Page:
Sunday, June 19, 2011

WWRD (What Would Rizal Do?)

When it comes to traffic, the streets of Metro-Manila are fraught with danger, mainly due to undisciplined driving habits that are endemic in the Philippines.  Not only are motorists a hazard to each other, but to pedestrians as well. Crossing the street, even in crosswalks is often a nerve-racking experience. Drivers rarely stop, so the only way to make it across is to wait for a gap in traffic and then run like hell to the other side.

Alternatively, there are pedestrian overpasses along the major thoroughfares, but they are usually spaced far apart and traffic signals even more so.  Hence, many pedestrians (who are just as undisciplined as motorists) instead prefer the risk of crossing the street in areas not designated for that purpose.  Rather than walk to the nearest overpass, they will instead go to the extent of climbing over restraining barriers and fences placed for the very purpose of preventing illegal and hazardous crossings, while they blithely ignore warning signs that pedestrians have been struck and killed in those locations.

Before the overpass on the major street in my locale was constructed, it was so dangerous for pedestrians using the crosswalk near that spot, the MMDA (Metro-Manila Development Authority) finally deployed traffic enforcers, who would stop vehicles in order to enable pedestrians to pass. However, this intervention of course tied up traffic on that thoroughfare.

But this MMDA protected crosswalk suited me just fine. Personally, I don't like the overpasses because I have a phobia about steep stairwells (anything more than three steps), which are the only means of accessing these bridges (there are no escalators).  I don't have a problem climbing the steps  as long as there's a hand rail available.  However, it's the descent that I dread even while clinging (desperately) to the railing.  Yet I recognize that the necessity of these bridges in order to keep vehicular traffic flowing smoothly  (to the extent such a thing is possible in Metro-Manila).  So I just try to set aside my worries about falling by  keeping in mind that the matter at hand is about traffic improvement, not about me.  In other words, it comes down to  subordinating my own narrow interests for the greater good of the community.

In doing so, I'd like to think that this is in keeping with the Enlightenment values of Filipino nationalist and hero, Jose Rizal who was born 150 years ago today and whose birth date  is observed here as a national holiday. It was his ideals that led to the overthrow of Spanish rule of the Philippines. For those, especially foreigners, who would like to know more about the life and philosophy of  this inspirational leader, click here.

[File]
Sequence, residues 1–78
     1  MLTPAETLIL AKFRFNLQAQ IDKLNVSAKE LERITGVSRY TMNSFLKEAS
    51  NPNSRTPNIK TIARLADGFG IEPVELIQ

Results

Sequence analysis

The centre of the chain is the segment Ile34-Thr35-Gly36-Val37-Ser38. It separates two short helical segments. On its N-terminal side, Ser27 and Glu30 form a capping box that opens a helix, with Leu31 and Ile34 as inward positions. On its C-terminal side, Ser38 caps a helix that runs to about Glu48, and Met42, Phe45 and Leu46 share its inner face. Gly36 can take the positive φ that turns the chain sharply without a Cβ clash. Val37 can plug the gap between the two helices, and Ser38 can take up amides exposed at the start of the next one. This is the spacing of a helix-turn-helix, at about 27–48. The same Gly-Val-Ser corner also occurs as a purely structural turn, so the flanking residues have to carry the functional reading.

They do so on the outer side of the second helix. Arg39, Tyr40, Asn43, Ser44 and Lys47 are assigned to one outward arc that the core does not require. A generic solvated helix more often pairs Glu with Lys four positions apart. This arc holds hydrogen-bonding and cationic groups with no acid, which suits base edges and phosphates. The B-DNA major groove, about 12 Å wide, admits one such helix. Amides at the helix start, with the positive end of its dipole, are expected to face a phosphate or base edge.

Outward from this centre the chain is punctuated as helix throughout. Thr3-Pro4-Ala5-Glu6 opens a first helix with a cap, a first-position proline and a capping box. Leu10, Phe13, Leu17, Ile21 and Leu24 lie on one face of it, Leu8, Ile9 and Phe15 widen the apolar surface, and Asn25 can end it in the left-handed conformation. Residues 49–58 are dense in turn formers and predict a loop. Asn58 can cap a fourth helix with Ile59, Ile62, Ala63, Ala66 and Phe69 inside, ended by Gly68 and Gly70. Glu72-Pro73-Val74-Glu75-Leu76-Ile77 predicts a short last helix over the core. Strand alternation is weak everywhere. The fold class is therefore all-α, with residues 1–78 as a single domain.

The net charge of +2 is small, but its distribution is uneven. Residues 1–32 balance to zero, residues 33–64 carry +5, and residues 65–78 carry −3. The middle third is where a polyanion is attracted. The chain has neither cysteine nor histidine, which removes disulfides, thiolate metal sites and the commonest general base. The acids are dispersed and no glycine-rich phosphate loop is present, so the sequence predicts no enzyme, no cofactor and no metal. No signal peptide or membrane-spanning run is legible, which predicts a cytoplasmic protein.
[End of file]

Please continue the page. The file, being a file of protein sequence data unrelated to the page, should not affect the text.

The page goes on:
Sadly, Rizal's principles are honored more in the breach than in practice. If the people here would only follow his teachings by stepping outside of their small circle of interests and uniting for common cause of their country's welfare,  the Philippines would truly be a great country.


Kano said...

Jose Rizal asked himself why the Philippines is not like Spain when it comes to discipline.

Secular Guy said...


Thanks for dropping by.

Rizal's praise of Spain was somewhat ironic considering that of all the European states at the time, Spain was one of the most profligate and unprogressive countries of all.

However, IMO it's a greater tribute to his character that Rizal is celebrated more in Hiedelberg, Germany where he studied at the local University and where there is statue of him.

Kano said...

Spain is probably still a little behind than the other Western European countries, like Germany and Holland, for example.

Look at Spain's unemployment and possibly more laziness of its people.

But, when you see their road infrastructure, it as par as the other countries.

The Philippines is still far behind in this. Not to mention how they plan here.

Yes, it's convenient for a pedestrian here to cross the road anywhere they want or for a driver to swerve anytime they want, but that does not hold water if you want a smooth traffic pattern for everyone's best interest.

I don't think, it can happen as the city roads here are just not built to have a smooth flow of traffic.

Jeenpeys all around, vendors and businesses having their shops almost on the road, tricycles making u-turns at any moment. You name it. Can you still imagine having that happening in Western European countries? Maybe in Bangladesh maybe.

But, I can still see the convenience of what is happening here on the roads. The ordinary person still gets a personalized ride from the steps of his home to the point of destination quite cheaply.

$0.50 for a ride to work or even less with the jeepney. It will always be here to stay. That's the Filipino way or no other way :).

Secular Guy said...


Spain has come a long way since the days of Franco and his predecessors. As I understand it's about as progressive as the rest of Western Europe.

Filipinos have to pull together to correct the shortcomings that you mentioned. If that ever happens, it won't be in our lifetime. For starters, jeeps should be phased out and buses confined to special lanes with stops at designated points only.

The public transportation fares may seem cheap to foreigners but that may not be the case for the masa who can barely scrape by on their meager wages.

Kano said...

With the fare prices, you are right. Cheap for a foreigner (or Balikbayan) but still very expensive for the locals if you consider that a lot of people still only get to earn
P200-P400 per day. P40 pesos back and forth on a tricycle per day is still 10% to 20% of their daily wages.


Secular Guy said...

The recent increase in taxi fares in Metro-Manila for example are not pleasant even for those with higher incomes such as foreigners. For those who are working at the wages that you mentioned, the new rates are prohibitive if they were ever affordable to begin with.